“Akmed! Akmed!” a bristled mother calls to her Bedouin son in Petra.
The poor mother is ignored. Little Akmed is too busy shaking down a couple tourists with his wit and charm to heed is mother’s calls.
Chaya and I are the tourists.
We were sitting in the shade of a huge sandstone cave/skyscraper when this little boy came up to us trying to sell a box of rocks. I did not want a box of rocks; Chaya did not want a box of rocks. So Little Akmed moved on to other forms of negotiation:
He grabbed my shirt sleeve and rolled it up as far as it would go. I laughed at his lightning quick vigilance: the little kid had me undressed and showing my tattoos in a matter of moments. He laughed at me. He then tried to steal a carabiner that was attached to my shoulder bag. I prevented the theft.
Little Akmed laughed. I laughed too. This kid had charm enough to shake down a scared cat caught in a tree top. He then tried to trade me a rock for the carabiner. By automatic reaction, I almost gave in. Then I remembered that I do not want a rock, and that I want my carabiner. I said no way. Little Akmed put the rock in my hand anyway and tried to unfasten the carabiner. I squirmed away.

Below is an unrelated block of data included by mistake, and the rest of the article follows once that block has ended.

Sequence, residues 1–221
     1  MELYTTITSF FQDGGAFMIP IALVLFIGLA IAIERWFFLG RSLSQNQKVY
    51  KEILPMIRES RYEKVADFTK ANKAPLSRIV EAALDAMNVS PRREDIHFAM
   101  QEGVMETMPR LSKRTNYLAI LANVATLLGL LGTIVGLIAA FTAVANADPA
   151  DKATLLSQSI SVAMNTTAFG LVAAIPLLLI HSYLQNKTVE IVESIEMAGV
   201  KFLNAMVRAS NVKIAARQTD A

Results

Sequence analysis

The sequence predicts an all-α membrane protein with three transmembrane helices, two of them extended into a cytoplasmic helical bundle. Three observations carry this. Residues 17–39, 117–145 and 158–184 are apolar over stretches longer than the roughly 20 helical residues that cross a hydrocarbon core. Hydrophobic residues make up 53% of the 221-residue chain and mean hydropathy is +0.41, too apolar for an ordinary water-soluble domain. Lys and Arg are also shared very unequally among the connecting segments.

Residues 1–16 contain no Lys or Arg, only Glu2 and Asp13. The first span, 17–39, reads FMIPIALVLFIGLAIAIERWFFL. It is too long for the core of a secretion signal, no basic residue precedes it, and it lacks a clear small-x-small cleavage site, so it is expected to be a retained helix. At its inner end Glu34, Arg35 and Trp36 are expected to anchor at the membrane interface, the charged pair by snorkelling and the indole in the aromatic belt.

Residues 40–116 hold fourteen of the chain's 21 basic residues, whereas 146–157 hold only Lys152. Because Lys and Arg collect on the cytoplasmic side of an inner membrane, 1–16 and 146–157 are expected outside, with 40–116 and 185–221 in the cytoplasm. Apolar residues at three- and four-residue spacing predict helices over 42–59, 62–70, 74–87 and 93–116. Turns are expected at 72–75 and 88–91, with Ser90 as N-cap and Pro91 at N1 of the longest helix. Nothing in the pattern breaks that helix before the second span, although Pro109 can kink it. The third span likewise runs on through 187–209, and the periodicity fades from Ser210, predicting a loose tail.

Everyone was still laughing.
Akmed went back to frisking at my tattoos. I showed them off.
“Akmed! Akmed!,” his mother continued calling. I became afraid that she was going to come and get him. I became scared that she was going to come and get me.
“You better get out of here,” I warned Little Akmed.
He laughed hysterically at my dorky warnings, and promptly sicked his attention upon a silver ring that lives on one of my fingers. I watched him pull in vain on the silver loop, unable to get it over the knuckle.
Everybody was still laughing.
I the realized that if he somehow managed to free the ring that I would be going home with a rock in its stead. So I again squirmed away.
“AKMED! AKMED!” his mother was mad now.
Chaya and I ran away, leaving Little Akmed to his fiery fate.
Children of Petra